We’ve covered choosing a laptop or a netbook, but what software do you need to ensure a productive university experience? Here’s some quick thoughts across the key categories.
Obviously, there may be specific software you need depending on your discipline: design students are likely to require Photoshop, statistics students will want SPSS. We’re concentrating here on the tools that pretty much anyone in tertiary study will find useful.
Word processing (and office suites)
In purely economic terms, OpenOffice is obviously the cheapest alternative, and Google Docs is another choice if you’re always connected. With that said, one big advantage of Microsoft Word is that it has first-class tools for referencing, which can save you a lot of hassle.
Students can also take advantage of the It’s Not Cheating site to purchase Office for $99.
Dropbox (or other sync tools)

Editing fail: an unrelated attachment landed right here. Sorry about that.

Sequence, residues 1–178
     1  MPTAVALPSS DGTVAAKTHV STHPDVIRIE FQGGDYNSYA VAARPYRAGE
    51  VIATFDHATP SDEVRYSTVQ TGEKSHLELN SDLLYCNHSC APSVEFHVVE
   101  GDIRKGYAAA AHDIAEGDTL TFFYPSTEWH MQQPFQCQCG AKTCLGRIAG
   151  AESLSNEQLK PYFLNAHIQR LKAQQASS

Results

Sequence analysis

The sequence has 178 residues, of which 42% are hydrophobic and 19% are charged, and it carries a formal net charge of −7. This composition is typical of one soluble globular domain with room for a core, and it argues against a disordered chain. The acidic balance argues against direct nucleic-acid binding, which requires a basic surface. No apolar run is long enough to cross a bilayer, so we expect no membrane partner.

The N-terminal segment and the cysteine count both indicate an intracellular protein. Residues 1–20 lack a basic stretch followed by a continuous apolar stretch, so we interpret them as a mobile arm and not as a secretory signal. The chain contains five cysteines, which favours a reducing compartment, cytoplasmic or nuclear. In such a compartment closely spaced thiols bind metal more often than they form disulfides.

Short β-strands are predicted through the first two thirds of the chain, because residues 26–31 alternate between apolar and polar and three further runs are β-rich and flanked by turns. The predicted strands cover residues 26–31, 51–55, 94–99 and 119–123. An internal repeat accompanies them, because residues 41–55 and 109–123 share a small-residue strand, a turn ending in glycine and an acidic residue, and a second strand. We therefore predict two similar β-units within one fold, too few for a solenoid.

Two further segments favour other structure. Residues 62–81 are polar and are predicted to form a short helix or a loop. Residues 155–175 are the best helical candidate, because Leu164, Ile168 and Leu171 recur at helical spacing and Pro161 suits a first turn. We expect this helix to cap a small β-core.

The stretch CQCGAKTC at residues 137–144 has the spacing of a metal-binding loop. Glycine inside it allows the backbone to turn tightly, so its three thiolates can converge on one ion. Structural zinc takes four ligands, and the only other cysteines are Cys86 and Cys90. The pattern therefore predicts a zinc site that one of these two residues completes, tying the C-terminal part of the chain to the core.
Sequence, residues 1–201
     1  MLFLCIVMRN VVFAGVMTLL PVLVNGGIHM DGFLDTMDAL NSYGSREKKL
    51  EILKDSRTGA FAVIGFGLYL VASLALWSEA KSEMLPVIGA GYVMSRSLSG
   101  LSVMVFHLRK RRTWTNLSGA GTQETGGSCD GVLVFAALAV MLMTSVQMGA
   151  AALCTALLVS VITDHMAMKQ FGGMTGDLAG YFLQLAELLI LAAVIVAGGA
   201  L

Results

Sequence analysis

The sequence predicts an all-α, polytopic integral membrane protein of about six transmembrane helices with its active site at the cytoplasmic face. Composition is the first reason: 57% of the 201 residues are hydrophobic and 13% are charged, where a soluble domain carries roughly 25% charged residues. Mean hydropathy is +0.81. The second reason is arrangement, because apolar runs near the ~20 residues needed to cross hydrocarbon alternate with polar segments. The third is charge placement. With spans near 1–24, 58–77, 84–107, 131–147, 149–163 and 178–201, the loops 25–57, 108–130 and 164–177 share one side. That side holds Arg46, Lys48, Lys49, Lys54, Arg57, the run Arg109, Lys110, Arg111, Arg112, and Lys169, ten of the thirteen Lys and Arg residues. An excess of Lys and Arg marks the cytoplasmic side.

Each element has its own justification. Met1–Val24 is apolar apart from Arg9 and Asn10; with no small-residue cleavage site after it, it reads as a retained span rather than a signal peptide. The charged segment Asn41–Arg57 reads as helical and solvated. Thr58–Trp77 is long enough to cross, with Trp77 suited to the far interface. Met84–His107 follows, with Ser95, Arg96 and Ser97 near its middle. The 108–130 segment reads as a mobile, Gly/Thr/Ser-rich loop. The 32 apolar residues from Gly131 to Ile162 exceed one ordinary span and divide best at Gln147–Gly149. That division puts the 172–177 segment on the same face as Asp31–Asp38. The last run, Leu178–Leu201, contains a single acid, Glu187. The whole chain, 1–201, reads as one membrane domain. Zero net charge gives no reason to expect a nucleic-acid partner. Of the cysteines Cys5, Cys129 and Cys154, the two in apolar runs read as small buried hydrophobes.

While you might not have the luxury of owning multiple PCs while you’re a student, using Dropbox ensures you do have an easy automatic backup if things go wrong. A basic Dropbox account covers 2GB (and there are plenty of tricks for getting more). If you’re not in a design or technical discpline, 2GB should be more than adequate to store your work.
Whenever we mention Dropbox, it gets pointed out that rival services such as SugarSync offer similar features and more space. It’s worth looking into alternatives, but Dropbox’s dominance does tend to mean there are more integration options with other apps.
We’ve already banged on about the importance of time management. While you can manage your time with pen and paper, having an electronic calendar is a much more sensible approach: it’s easier to alter and you can sync it to multiple devices.
Given its ubiquity, Google Calendar is the obvious choice in this space, but there are other options; check our Hive Five of calendar apps for some ideas.